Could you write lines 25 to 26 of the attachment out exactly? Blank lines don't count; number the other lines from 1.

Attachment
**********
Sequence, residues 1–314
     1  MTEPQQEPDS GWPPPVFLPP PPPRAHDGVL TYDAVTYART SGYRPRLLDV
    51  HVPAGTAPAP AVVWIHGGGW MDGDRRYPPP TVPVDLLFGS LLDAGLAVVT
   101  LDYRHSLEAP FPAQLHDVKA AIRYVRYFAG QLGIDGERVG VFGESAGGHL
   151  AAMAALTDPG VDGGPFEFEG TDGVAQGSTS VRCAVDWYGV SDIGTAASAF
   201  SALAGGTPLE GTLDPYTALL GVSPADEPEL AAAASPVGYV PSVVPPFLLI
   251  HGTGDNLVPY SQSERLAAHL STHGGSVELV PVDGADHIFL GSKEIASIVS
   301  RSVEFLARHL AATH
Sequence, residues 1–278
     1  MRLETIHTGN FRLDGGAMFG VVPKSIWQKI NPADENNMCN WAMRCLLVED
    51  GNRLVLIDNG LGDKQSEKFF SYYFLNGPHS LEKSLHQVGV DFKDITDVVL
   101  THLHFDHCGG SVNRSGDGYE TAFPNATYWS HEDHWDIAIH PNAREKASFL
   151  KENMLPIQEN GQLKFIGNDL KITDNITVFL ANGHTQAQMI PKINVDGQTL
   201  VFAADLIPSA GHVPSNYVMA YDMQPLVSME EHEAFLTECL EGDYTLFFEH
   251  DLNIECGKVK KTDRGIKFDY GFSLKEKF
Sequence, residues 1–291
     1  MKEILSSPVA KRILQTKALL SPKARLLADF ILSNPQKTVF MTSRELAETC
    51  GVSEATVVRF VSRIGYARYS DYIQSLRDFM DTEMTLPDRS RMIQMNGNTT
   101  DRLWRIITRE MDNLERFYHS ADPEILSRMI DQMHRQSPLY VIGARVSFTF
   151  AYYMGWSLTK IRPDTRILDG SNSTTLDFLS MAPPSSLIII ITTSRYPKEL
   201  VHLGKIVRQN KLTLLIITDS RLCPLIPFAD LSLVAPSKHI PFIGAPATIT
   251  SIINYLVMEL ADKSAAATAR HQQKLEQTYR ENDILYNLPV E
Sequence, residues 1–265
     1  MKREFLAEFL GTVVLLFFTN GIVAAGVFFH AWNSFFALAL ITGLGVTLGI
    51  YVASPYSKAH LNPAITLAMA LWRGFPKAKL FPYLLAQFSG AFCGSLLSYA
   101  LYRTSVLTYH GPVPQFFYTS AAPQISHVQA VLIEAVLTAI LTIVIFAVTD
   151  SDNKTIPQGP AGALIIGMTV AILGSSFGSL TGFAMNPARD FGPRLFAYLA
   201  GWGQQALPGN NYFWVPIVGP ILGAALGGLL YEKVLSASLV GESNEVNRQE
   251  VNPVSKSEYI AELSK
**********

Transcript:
    51  YVASPYSKAH LNPAITLAMA LWRGFPKAKL FPYLLAQFSG AFCGSLLSYA
   101  LYRTSVLTYH GPVPQFFYTS AAPQISHVQA VLIEAVLTAI LTIVIFAVTD